Users and business managers alike are increasingly looking at the iPad as a potential laptop replacement. More and more companies are providing employees iPads or letting employees use their own. So, just as companies typically install a suite of desktop productivity apps (nearly always Microsoft Office) on their laptops, what should the iPad equivalent be?
The answer can't be Office, because Microsoft has no iPad-compatible suite. But there are still several office suite candidates for the iPad, including Apple's iWork suite—Pages ( ), Numbers ( ), and Keynote ( )—plus Quickoffice's Quickoffice Mobile Connect Suite ( ) and DavaViz's Documents to Go Premium ( ). Quickoffice has a word processor and spreadsheet editor; DocsToGo (as it's labeled on the iPad) has a word processor, a spreadsheet editor, and a tool to edit text and add notes to a presentation. All the programs read and write to the Microsoft Office file formats.
After some investigation, I was surprised to find that none of these suites is ideal (though one comes close). But I stil came up with a list of apps that I think should be the standard installation on corporate iPads—the best individual productivity apps and one recommended suite.
Choosing the word processor was the toughest call. Note that none of the options support revision tracking; if that's essential to your workflow, you're out of luck.
Pages. To my mind, Apple's Pages is by far the most capable word processor for the iPad, with real layout controls such as the ability to designate page margins, set tabs, and add footers, headers, and images. It also has the most extensive text-formatting capabilities available, such as fonts, text size, lists, text color, line spacing, and paragraph alignment. It even spell-checks your document, highlighting potentially misspelled words; you can then have it suggest corrections by selecting the word and tapping Dictionary from the contextual menu. The search-and-replace feature even lets you constrain your actions to whole words or text with matching case, as you'd expect on the desktop.
You can create rich, stunning documents on the iPad with Pages—not with all the bells and whistles available from Microsoft Word ( ) on the Mac, of course, but more than in any other mobile word processor. It's also easy to use.
But Pages has two major flaws that could kill it as an option for many companies and a third you should know about so you can avoid it. The first flaw is that it doesn't retain style sheets in the documents it saves. That will cause major issues if the document goes through any subsequent publishing workflow (such as for eventual HTML conversion or use in Adobe InDesign ( )). The styles' text formatting is retained, but as local formatting only. Pages does have a styles capability that applies predefined formatting to text, but it does not apply a style sheet that is editable by Pages or Word; the Pages "styles" are just local formatting groups.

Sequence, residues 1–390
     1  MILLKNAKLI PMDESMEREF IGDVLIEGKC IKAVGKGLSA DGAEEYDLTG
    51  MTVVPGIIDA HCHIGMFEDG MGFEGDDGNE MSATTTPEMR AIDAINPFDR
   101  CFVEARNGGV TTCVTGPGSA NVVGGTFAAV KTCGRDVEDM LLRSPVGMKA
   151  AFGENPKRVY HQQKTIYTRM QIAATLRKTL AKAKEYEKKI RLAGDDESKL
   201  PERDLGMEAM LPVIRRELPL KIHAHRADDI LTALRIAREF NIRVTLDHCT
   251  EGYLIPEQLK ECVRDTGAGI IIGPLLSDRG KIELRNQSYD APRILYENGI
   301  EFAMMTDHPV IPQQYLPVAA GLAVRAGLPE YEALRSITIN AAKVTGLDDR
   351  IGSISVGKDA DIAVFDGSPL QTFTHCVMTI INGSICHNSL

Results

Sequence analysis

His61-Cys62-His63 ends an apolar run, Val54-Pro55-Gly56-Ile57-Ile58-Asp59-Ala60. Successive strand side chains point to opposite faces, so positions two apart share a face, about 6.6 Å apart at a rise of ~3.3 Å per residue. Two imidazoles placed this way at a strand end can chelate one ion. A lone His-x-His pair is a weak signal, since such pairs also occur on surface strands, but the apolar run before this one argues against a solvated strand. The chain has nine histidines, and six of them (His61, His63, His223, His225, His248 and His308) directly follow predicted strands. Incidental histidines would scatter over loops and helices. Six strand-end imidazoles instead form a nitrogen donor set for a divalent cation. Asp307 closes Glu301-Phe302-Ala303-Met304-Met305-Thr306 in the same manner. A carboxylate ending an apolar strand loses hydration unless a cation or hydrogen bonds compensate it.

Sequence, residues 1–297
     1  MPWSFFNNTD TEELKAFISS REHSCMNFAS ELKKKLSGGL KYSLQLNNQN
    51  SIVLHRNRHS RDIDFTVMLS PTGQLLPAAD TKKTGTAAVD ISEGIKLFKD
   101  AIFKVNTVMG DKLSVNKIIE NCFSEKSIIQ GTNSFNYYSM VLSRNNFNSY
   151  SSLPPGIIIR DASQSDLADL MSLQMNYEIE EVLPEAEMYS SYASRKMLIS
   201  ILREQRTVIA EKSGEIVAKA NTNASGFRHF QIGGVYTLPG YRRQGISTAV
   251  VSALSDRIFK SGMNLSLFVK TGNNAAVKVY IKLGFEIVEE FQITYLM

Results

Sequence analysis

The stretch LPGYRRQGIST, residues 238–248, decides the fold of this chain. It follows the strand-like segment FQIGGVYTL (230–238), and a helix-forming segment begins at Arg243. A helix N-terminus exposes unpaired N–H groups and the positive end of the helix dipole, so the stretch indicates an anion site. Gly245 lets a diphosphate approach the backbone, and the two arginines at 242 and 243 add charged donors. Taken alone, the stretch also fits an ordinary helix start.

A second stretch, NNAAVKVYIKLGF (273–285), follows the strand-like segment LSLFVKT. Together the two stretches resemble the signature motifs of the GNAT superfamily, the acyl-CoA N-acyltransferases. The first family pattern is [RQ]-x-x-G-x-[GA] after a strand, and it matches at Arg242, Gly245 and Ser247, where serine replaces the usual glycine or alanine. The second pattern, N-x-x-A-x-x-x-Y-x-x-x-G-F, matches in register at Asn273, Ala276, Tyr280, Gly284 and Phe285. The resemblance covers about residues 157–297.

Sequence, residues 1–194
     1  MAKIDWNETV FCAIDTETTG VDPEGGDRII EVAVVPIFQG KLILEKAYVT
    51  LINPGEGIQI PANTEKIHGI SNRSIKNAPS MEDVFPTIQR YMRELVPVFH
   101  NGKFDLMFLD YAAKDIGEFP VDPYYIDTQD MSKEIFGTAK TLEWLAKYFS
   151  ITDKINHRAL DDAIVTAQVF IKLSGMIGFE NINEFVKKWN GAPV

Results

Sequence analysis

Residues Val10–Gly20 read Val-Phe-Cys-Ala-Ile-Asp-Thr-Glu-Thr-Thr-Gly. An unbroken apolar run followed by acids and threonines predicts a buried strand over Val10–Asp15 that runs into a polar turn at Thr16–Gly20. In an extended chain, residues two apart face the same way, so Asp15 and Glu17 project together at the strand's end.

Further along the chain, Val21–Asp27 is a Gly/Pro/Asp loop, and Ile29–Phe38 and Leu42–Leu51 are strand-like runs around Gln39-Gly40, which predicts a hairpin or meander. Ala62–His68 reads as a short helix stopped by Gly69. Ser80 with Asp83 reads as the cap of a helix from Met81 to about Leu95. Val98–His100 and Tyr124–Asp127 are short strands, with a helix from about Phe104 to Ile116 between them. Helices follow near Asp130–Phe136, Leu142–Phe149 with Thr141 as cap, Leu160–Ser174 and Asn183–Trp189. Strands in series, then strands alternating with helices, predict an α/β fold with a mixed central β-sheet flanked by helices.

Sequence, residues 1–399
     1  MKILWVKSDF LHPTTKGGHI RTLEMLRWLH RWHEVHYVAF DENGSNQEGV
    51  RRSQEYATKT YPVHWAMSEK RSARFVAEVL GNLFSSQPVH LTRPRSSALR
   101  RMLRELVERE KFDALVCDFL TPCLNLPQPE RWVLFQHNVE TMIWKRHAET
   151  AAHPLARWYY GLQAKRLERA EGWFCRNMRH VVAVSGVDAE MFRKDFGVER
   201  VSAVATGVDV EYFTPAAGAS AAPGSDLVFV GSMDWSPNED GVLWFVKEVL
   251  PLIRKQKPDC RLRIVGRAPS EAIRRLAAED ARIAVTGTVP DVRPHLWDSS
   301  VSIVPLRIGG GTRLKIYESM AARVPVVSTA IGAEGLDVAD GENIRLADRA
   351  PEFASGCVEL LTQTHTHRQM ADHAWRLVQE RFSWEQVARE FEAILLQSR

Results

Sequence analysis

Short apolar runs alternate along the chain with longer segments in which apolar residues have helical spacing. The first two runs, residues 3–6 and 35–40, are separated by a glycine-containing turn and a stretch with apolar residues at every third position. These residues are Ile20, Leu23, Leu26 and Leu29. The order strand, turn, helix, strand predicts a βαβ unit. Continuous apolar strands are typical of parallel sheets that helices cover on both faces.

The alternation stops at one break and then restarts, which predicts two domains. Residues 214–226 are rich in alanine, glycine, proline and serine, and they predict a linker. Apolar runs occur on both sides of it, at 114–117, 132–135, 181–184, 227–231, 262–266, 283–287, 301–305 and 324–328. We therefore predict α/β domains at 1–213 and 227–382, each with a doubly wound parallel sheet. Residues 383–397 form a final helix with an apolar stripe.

The second flaw is not so fatal: Pages doesn't work with cloud-storage services such as Google Docs, Dropbox, and Box.net. If you want to share files with others, your options are limited to e-mail, syncing to your computer via iTunes and sharing from there, or Apple's MobileMe service.
The third flaw is more of a foible: Any changes you make to a document are saved immediately in the original. You can't save the changed file later and retain the original file as is. The work-around is to make a duplicate of the file within Pages before you open it.
Quickoffice. Quickoffice's word processor is simple, with straightforward controls for basic formatting, such as font, text size, paragraph alignment, and lists. There are no layout controls, so you can use Quickoffice only to work on text. But Quickoffice retains the style sheets in your imported documents, so they're intact when you later export a document, even though it doesn't let you create, edit, or apply styles.
Quickoffice can connect to Box.net, Dropbox, Google Docs, and MobileMe cloud storage, as well as to a computer directly over Wi-Fi. It also of course can e-mail documents, and it provides a Save As option, as well as an internal folder structure so that you can organize your documents. But Quickoffice has no search-and-replace or even search-only capability, nor a word counter.
Documents To Go. DataViz's app is similar to Quickoffice in terms of its capabilities—they're essentially simple text editors with some basic formatting options. However, DocsToGo does offer search and replace, as well as word counting. But have to ding DocsToGo for one really dumb UI choice: All the controls are at the bottom of the screen, where they become hidden by the on-screen keyboard. This means you have to hide the keyboard each and every time you want to adjust any formatting—a real productivity killer. (Pages and Quickoffice put the controls at the top of the screen.)
My verdict: It's a split decision. Pages is all around the better word processor, but its flaws make it unusable for many organizations. If your document workflow rests on style sheets or requires cloud storage services such as Google Docs, your best bet is Quickoffice.
The spreadsheet candidates are much closer in capability than the word processors.
Numbers. Similar to Pages in its richness of functionality, Numbers is a full-on spreadsheet editor. You can enter complex formulas, create charts, and have multiple worksheets. The on-screen keyboard adapts to what you are entering, making special symbols and formulas very accessible. What takes a little getting used to is switching your entry mode for a cell, such as to text or to formula or to date, but that's how Numbers knows what controls to put in the on-screen keyboard.
Numbers, like its Mac counterpart ( ), takes an odd approach to spreadsheet creation if you're accustomed to working in Excel: Adding a worksheet results in a blank page with no cells. Excel users will be mystified as to what to do next. What they need to do is add a table to the worksheet—that's the grid of cells. In Numbers, a worksheet can have multiple tables, whereas Excel has just the one table automatically created. Once you know this, Numbers is easy to use.